Conserve and protect We believe in conserving the environment (by means of use of solar power, recycling, rain water collection and more), conserving the wildlife; by means of our support of a number of local wildlife conservancies and in our work in our own conservancy – the Lumo Community Wildlife Sanctuary, in the Taita Hills.
Support and nurture We also support a number of charitable and non-profit organizations, such as: The Diani Centre for Children with Cerebral Palsy (DCCCP), the collection of left-over sun creams for albino children and an education fund The Asha Cottage Education Fund, which was founded for the furtherance of the lives of the children of our own staff.
Blindness in Africa
In Kenya one in one hundred people are blind. An estimated 80% of this suffering is preventable. The main causes are cataract and glaucoma. The reason that so many people become blind or visually disabled is that there is a lack of access to affordable quality eye care. If you are rich and live in the city access to eye care is easy. If, as in the case of most Kenyans, you are poor and live in the countryside, access can be very difficult.
Comprehensive Eye Services include creating awareness of disabilities and helping those whose eyesight cannot be restored. This involves careful assessment and, in the case of children, helping them to succeed in mainstream education.
The objectives of the project are:
• to improve the economic and social status of in the areas we work by reducing the socio-economic burden of avoidable blindness
• enable those who are irreversibly blind or severely visually impaired to realise their full potential.
The prevention and cure of blindness not only has a huge impact on the quality of life of the person and their family but also can provide enormous savings for them and society.
How it began
We began, almost literally as a mud hut, with no running water in 1993 performing less than 100 cataract operations per year into what is now a large centre where we see 20,000 patients per year in the field and at base and perform over 1,200 cataract operations each year. Five years ago we expanded into the neighbouring district of Taita and began a small clinic in Mwatate.
Community Based Programme
We are not just a clinic. We run a strong community based programme (CBP) which is responsible for increasing awareness of eye health in the community through schools, religious centres, local government administration, village health committees and youth and women’s group meetings. We train people in the community on primary eye care and referral. This helps to break down the barriers (fear, poverty and traditional beliefs) that prevent people from reaching care. We do eye screenings in remote villages with no transport infrastructure, bringing eye services closer to the people. We began an intensive schools awareness and screening programme, teaching basic eye health, testing the children’s sight and giving them to knowledge to go out to reach other people in the community who need our services.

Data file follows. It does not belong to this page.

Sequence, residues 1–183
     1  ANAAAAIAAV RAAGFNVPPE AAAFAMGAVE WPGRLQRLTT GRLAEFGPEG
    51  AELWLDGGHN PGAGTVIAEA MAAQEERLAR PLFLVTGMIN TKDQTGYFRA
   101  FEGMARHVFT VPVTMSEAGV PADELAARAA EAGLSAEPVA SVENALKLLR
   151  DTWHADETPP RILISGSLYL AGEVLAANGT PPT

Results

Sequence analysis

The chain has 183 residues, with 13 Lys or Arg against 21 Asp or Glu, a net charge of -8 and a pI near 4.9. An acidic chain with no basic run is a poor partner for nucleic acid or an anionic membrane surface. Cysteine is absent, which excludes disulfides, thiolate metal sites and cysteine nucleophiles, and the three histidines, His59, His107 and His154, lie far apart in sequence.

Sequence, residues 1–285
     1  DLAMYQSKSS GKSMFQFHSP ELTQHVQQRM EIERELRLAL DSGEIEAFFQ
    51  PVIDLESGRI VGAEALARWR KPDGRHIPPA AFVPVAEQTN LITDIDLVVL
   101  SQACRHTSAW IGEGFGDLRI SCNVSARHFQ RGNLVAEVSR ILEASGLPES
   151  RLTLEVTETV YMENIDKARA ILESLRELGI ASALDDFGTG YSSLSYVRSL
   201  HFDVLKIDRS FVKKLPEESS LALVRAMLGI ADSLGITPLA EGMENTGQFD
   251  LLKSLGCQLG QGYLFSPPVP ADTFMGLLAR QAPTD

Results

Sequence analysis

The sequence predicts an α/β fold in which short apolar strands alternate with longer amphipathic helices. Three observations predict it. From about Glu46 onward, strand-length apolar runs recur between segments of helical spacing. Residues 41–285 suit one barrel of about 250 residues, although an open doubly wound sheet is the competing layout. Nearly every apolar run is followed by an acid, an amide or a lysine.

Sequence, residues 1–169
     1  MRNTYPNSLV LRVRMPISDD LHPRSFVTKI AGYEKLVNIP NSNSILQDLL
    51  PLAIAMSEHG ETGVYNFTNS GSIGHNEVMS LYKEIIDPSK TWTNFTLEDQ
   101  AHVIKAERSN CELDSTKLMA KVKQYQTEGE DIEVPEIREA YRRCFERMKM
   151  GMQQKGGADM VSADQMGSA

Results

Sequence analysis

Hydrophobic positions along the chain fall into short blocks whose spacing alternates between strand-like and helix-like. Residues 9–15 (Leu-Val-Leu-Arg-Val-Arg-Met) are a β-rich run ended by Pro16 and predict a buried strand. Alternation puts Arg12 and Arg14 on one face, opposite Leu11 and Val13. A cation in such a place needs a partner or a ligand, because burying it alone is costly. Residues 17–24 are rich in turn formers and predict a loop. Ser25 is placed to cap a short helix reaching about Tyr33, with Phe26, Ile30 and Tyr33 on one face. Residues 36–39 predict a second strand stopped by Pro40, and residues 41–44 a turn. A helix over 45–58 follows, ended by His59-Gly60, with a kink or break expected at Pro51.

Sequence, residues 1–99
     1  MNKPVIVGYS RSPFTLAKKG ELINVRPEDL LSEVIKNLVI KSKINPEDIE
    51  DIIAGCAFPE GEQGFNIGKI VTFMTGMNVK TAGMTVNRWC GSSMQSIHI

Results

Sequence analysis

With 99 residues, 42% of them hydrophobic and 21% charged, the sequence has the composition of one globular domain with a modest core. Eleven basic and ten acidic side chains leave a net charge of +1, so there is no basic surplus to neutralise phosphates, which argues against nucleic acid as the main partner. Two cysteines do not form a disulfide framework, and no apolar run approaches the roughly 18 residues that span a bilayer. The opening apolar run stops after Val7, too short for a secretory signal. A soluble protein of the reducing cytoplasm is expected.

Low Vision / Education
There are estimated to be more than 2,000 visually disabled children in Kwale County. So we opened a low vision department which works closely with the Ministry of Education, taking care of children who are blind or visually impaired, optimising their sight and enabling them to access their basic human rights, one of which is education.
Children with visual challenges are still often considered the result of a curse enacted through the witch doctor by an enemy. They are still often hidden away in the family hut, not allowed to show the shame of the family. The only way to change this is to create awareness in the community. This is often best done through schools.
The children are provided with treatment and ongoing support to help access normal life. This is done through assessment and the provision of assistive aids with follow-up in schools and at home. Our Vision Therapist trains teachers to enable them optimise education and to improve the quality of life of those whose vision cannot be restored. 5 to 10 patients benefit from these services weekly. Children with albinism is one example.
Mamma Mkambe and her 3 children with albinism visit KDEC.
KDEC works with irreversibly blind and deaf/blind clients, training them in orientation, mobility and daily living skills. This improves both their quality of life, and that of those around them. This program ( see below) is mostly field based but ensures that in our aims of preventing blindness, we do not neglect those who are irreversibly blind.
What are KDEC Screenings?
A screening is a medical outreach. We take medical teams to the villages to look for people with eye problems. Our community Based Workers inform the community that we will be visiting. We arrive and set up our station in the heart of the village. People queue up to be examined by our team. At these screenings we provide people in need with eye drops and reading glasses. Those requiring surgery are transported back to the Kwale District Eye Centre to be attended to by our surgeons. Screenings allow us to take eye care to the people in need.
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